Wednesday, May 12, 2010

The Inimitable Bertie Wooster

Murdo and Emma Macleod are the couple with whom I am staying in Edinburgh, and let me tell you, a kinder and more generous pair of persons you will not find. In addition to their wealth of hospitality, Murdo and Emma offer the (nerdy) houseguest something almost as precious: books, and lots of them. Their house is lined with books -- lined I tell you. Naturally, this discovery was one of my first upon entering their cozy domicile late, last Wednesday night.

I was tired and, well, tired, but after shuffling into their den, I found myself quickly revived. To my right, neat shelving lined the wall entire. You couldn’t even see the wall color. And behold! (an irresistible insertion by an incipient Hebrew scholar) books. Rows and rows of books. Paperbacks. Hardbacks. Some thick and some thin. Some tall. Some short. But books all, whatever their size! I think I must have shot off a prayer-missive of praise to the Almighty, “Ah, glorious God, you have brought me across the ocean-wide to the right home, indeed! Thank you!”

Although there were people in the home I didn’t know (small group meets at the Macleod’s on Wednesday nights), my curiosity and, well, unvarnished biliophilic lust, seized the reins of my soul, and before I could tell myself, “stop it, you common brute!” there I was, straining over the heads of seated guests, peering right past them and onto the motherlode.

And these weren’t glossy covers either, mind you (in the main, anyway!). These were well chosen -- and well read -- indeed. Martin Gilbert sat in the history section, and the classics were there. And plenty I had never read but have wanted to get hold of for some time. And some I had never heard of (lots, in fact) but after quick perusal found myself hungry to devour. I told you: plain, unvarnished lust.

After the guest filed out one by one and Murdo had kindly cooked me what I now understand to be his “pasta special” (Murdo hosts a bi-monthly pasta club -- men only, please), we slumped into a couple comfy armchairs and began to talk. Well, to be fair (one of many Murdo phrases), we didn’t exactly talk. It was mainly Murdo here. The man is multi-talented, let me assure you, and one of his myriad talents is talking. The man can spin some yarn. The fact is, though (and I am not just saying this because I am still staying under his roof), I never mind. Because, amazingly, almost everything that has ever come out of his mouth and into my ears is interesting in the highest degree. His stories and anecdotes, colloquialisms and proverbial bits of wisdom seem to emerge from a never-ending repository of verbal goodness. Maybe this repository has its roots somewhere in the Highlands -- perhaps the Isle of Harris or Inverness (Murdo was born and raised here); I really don’t know.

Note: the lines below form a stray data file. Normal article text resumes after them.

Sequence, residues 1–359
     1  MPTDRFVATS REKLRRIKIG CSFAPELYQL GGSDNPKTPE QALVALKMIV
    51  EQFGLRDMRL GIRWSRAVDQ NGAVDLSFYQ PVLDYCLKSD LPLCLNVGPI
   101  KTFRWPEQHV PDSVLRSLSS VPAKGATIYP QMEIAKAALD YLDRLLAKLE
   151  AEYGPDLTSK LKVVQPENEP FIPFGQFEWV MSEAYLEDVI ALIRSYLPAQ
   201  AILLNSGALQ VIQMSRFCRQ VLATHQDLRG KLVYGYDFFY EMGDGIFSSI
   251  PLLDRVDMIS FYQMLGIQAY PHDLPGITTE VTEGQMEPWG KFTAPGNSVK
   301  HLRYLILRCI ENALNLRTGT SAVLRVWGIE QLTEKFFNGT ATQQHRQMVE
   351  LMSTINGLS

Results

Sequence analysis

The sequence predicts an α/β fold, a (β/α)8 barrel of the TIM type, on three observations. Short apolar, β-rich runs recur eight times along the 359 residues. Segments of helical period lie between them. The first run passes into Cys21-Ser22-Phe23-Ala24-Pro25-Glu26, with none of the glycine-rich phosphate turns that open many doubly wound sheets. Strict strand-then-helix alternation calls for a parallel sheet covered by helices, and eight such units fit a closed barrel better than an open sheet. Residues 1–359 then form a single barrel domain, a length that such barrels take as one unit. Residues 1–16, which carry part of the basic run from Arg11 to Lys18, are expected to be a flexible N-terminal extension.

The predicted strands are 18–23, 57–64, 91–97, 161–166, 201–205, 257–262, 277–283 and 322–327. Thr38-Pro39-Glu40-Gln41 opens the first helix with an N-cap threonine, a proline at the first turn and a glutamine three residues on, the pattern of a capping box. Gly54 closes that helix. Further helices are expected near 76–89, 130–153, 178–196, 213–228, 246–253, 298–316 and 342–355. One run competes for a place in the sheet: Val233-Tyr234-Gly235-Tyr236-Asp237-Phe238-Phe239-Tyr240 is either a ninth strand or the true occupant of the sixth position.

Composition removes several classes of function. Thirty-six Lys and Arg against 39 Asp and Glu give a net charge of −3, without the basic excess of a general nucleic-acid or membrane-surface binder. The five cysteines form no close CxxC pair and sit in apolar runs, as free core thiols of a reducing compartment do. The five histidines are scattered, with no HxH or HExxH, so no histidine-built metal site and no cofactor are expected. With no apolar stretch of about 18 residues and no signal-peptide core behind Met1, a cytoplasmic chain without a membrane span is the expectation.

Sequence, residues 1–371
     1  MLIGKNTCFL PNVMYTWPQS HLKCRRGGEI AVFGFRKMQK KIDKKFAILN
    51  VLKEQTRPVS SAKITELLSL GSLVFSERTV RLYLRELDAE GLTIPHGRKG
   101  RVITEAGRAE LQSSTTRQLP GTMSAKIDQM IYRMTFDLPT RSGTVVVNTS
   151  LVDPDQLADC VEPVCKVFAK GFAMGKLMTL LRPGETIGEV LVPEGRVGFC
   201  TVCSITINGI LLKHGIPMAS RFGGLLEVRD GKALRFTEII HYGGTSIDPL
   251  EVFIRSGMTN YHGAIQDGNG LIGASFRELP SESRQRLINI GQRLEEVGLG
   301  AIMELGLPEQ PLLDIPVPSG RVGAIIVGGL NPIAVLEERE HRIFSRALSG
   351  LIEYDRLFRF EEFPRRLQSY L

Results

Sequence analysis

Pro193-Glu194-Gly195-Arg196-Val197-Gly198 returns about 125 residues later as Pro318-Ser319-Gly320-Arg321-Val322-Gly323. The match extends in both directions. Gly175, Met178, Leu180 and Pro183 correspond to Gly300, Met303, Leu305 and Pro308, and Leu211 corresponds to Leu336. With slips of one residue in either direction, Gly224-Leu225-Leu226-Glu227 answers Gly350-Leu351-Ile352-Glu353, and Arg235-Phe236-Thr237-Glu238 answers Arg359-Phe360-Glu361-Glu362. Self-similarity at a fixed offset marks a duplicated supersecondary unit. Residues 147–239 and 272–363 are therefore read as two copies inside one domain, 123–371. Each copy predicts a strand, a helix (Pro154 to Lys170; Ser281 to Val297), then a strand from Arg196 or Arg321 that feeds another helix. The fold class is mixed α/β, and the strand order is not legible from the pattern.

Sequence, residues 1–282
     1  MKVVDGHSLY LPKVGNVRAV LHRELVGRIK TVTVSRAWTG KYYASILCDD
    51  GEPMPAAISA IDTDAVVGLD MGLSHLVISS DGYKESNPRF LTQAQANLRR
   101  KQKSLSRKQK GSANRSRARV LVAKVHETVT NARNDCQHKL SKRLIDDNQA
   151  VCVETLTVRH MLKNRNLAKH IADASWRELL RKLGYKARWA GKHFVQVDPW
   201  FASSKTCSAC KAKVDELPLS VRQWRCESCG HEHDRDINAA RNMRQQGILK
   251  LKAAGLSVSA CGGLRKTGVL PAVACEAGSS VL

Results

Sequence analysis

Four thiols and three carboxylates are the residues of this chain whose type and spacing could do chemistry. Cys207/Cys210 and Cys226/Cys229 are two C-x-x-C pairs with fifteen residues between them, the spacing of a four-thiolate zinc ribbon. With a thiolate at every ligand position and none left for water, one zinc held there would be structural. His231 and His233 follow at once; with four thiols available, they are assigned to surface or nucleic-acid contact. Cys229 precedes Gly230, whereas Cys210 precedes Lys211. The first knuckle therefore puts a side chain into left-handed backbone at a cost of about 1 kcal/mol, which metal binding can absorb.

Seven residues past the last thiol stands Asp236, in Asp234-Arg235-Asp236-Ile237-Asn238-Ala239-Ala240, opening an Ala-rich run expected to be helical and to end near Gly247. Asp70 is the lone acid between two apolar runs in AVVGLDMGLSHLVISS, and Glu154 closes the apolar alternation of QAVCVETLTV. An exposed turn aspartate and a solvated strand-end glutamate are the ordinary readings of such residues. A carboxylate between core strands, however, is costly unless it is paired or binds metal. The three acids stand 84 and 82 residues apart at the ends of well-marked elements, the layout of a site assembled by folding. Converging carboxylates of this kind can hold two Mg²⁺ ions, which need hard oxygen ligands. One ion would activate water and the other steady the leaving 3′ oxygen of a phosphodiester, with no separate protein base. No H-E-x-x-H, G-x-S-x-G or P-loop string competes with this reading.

But I do know that Murdo was talking, and I was listening. And somewhere near the end of the litany of books that he was asking me if I’d read, Murdo queried, “And what about Wodehouse (pronounced “Woodhouse” for the uninitiated: it’s a sort of Shibboleth for the literarily savvy, I suppose: I later referred to the author as “Woodberry,” and that in front of Murdo’s family . . . horrors!)?” My silence and half-cocked head stunned him, I think. My mouth was half-open. Something like “no” may have been ready to emerge; I am not sure. But I never will be sure, because before I had time to say anything, Murdo was on it. “Never read P.G. Wodehouse?” he exclaimed in wide-eyed astonishment. Right! (another Murdo-ism) Well, we shall have to change that before you leave, shan’t we then?”

I must say, a couple hundred pages into The Code of the Woosters, I can understand Murdo’s eagerness to stop me mid (attempted) sentence in order to issue my first assignment. I’ve not read anything else that even comes close to Wodehouse. He should be required reading for everyone who is keen to develop a sense of English wit, a sense of the old (and unreal, I might add) England, and a delightful yet firm hold of the English language.

Wodehouse might not be all things, but a wordsmith he is. The man has a gift for turn-of-phrase that I find to be thus far without parallel. He does what he wants with his language of choice, and is always sure to find his mot just, as the French would say. But this is as far as I’ll go mentioned French, because I’m sure that Wodehouse has been found an extremely effective form of French-repellant. He is so nauseatingly, intoxicatingly, gloriously English. And, he became an American citizen in 1955; so we can claim him, too! I knew I liked Wodehouse. And, apparently, Murdo knew I would like him, too. Thanks, Murdo, for expanding my literary horizons in such an entertaining and idiomatic way.

My favorite Edinburgh family


Murdo said...

Who says I talk a lot? I think a lot and occasionally I share my thoughts with the world, but since the world only gets the best of what I think, can you imagine what it's like inside my head without the benefit of that filter? Anyway I could tell you were a good listener, and we talkers fall upon a good listener like a drowning man on a passing raft.

I don't seriously challenge what you say. Mind you, P F Wodehouse? P G, old boy. Not as grievous an error as P G Woodberry, but not far off...

Love to you and yours!


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